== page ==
Senate leadership posturing too early, says Escudero

ABS-CBN News

Posted at Jun 04 2019 05:47 PM | Updated as of Jun 04 2019 05:57 PM

Watch more in iWant or TFC.tv

MANILA - Outgoing Senator Francis Escudero views what he calls the 'skirmishes" and "posturing" for the Senate leadership as too early.

Escudero said that in his 21 years in Congress--9 years with the House of Representatives and 12 with the Senate--talks about a change in the Senate leadership is just too soon.

"Anumang pormahan ngayon, whatever skirmishes you see now, whatever posturing you see now, these are simply too early to my mind," Escudero said.

Tensions rose between reelected senator Cynthia Villar and Sen. Manny Pacquiao on Monday when the former solicited signatures from colleagues for a resolution expressing support for Senate President Vicente Sotto III.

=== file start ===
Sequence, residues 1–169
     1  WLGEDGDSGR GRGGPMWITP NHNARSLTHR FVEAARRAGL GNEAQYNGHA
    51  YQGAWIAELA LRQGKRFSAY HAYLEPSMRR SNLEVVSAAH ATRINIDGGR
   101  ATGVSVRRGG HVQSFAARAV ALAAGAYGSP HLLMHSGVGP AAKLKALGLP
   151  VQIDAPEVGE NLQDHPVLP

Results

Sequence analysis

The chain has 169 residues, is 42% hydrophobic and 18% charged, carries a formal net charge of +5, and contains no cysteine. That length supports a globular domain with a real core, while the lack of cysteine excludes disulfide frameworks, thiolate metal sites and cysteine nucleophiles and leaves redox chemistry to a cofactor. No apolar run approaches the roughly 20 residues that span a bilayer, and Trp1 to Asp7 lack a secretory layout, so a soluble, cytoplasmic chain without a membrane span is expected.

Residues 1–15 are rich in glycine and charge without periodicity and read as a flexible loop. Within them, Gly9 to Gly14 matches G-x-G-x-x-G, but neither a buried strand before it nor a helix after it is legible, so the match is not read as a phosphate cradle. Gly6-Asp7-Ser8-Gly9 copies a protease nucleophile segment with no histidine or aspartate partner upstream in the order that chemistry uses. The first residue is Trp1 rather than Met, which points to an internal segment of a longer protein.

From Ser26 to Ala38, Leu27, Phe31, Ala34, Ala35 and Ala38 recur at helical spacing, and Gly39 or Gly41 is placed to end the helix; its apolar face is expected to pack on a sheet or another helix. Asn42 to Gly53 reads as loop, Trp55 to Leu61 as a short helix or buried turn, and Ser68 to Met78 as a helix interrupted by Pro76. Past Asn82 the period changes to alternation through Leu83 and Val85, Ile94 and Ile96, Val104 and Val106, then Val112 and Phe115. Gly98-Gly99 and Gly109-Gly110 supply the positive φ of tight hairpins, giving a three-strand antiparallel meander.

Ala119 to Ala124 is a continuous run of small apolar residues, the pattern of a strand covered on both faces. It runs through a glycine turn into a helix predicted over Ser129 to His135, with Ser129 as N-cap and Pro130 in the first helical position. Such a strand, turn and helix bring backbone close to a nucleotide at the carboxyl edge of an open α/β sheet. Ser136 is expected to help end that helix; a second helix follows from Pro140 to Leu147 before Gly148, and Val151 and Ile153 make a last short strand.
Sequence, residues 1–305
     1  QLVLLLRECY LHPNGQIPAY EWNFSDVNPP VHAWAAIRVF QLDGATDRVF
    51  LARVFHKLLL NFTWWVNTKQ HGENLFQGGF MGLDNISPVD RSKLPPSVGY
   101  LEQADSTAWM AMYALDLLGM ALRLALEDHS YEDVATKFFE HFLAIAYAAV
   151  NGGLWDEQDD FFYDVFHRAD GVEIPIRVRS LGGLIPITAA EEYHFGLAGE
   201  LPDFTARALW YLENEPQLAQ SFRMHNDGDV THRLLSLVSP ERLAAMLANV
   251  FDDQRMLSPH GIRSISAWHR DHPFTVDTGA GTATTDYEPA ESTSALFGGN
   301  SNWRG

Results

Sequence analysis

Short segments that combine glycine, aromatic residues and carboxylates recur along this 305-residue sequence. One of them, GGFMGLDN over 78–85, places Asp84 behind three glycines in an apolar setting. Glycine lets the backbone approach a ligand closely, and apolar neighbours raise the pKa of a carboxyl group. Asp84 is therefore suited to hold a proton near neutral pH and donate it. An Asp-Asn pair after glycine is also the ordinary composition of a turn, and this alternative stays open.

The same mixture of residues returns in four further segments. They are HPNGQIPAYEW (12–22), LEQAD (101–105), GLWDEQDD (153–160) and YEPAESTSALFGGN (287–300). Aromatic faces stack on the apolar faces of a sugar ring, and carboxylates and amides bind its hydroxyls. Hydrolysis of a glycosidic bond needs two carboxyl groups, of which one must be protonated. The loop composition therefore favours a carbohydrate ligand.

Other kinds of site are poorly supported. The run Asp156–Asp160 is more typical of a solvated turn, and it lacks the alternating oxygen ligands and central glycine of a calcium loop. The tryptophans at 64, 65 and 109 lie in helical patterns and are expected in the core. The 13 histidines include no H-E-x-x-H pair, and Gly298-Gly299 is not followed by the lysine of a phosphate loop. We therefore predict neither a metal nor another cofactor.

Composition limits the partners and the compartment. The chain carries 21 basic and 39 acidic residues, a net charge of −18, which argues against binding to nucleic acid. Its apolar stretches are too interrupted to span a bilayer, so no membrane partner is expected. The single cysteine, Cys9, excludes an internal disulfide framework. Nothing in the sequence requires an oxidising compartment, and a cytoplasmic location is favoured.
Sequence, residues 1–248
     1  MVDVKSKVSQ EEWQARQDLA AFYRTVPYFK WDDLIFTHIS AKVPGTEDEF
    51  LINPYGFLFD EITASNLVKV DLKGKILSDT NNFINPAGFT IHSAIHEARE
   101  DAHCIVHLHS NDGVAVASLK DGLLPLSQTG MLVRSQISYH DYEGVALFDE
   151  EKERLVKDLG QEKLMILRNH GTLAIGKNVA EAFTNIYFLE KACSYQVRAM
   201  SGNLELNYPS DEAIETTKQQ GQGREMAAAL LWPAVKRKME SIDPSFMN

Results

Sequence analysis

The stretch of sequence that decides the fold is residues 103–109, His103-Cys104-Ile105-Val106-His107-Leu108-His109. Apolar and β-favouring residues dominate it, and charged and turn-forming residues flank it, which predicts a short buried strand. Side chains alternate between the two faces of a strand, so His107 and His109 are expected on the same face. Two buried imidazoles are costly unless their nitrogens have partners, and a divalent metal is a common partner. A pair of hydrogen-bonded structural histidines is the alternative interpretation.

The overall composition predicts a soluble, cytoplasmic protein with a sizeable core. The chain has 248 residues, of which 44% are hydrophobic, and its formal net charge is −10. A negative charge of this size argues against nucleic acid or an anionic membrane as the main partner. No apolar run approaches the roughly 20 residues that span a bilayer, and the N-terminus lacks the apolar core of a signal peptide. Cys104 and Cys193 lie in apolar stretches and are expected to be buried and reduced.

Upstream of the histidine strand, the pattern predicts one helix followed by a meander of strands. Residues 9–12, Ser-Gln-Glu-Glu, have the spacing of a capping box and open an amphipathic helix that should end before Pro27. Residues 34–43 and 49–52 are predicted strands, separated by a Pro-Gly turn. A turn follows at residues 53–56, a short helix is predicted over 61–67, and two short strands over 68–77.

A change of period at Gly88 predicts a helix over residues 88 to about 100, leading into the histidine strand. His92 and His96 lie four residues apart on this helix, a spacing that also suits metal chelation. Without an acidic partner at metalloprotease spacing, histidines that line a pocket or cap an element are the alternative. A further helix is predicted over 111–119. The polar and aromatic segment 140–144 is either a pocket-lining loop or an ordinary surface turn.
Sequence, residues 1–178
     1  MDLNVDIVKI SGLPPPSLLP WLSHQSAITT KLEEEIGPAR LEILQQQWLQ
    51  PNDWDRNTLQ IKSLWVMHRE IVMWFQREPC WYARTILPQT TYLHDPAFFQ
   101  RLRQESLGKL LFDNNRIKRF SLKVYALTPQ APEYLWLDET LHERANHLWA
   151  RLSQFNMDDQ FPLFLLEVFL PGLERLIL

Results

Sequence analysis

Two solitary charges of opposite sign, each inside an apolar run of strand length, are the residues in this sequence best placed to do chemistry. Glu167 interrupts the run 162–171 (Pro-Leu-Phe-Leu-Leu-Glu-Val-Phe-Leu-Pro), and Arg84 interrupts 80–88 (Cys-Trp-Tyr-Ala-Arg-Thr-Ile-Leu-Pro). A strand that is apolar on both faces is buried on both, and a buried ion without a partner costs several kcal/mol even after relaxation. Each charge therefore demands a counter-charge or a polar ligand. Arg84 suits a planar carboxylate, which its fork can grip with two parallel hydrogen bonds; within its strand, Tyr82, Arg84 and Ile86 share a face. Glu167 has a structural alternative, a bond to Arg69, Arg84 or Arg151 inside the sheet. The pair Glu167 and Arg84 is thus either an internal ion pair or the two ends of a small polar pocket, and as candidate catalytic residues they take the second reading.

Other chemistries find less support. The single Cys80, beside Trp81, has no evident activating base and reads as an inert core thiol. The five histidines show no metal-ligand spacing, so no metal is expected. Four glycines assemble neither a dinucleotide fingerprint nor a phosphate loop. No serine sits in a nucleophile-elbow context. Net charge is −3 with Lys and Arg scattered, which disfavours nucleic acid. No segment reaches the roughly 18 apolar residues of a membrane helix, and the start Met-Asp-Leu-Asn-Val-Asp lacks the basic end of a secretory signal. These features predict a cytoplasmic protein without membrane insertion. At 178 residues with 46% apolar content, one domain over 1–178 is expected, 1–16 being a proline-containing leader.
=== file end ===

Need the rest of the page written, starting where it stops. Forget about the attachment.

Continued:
Escudero admitted that he was one of the 14 senators who signed the resolution.

"Sa pananaw ko hindi," when asked if Pacquiao's move was right. "Kaya nga ang hugot ni Sen. Villar, nanggaling sa miyembro ng PDP-Laban yung mungkahing ako'y tumakbo tapos magpapapirma kayo bigla tungkol sa pagsuporta kay Sen. Sotto. Ayusin nyo problema nyo, wag niyo akong idamay."

Villar, in an earlier interview said she is not targeting the Senate Presidency and would go back to her committees on agriculture and food and environment and natural resources. 

Watch more in iWant or TFC.tv

Escudero said Sotto has a very good chance of retaining his post as Senate president in the 18th Congress.

"Because he enjoys the support of the majority of senators who will remain and also the support of the senators who got reelected, if not all of them. Add to that his unwavering support to the administration of President Duterte," Escudero said.

The senator also believes that the Duterte administration wouldn't want a split Senate.

"Meaning a Senate with a big chunk of minority members not supporting its advocacies and legislative agenda. It's in the interest of the administration of President Duterte to hold a wide margin both in the House and in the Senate," he said.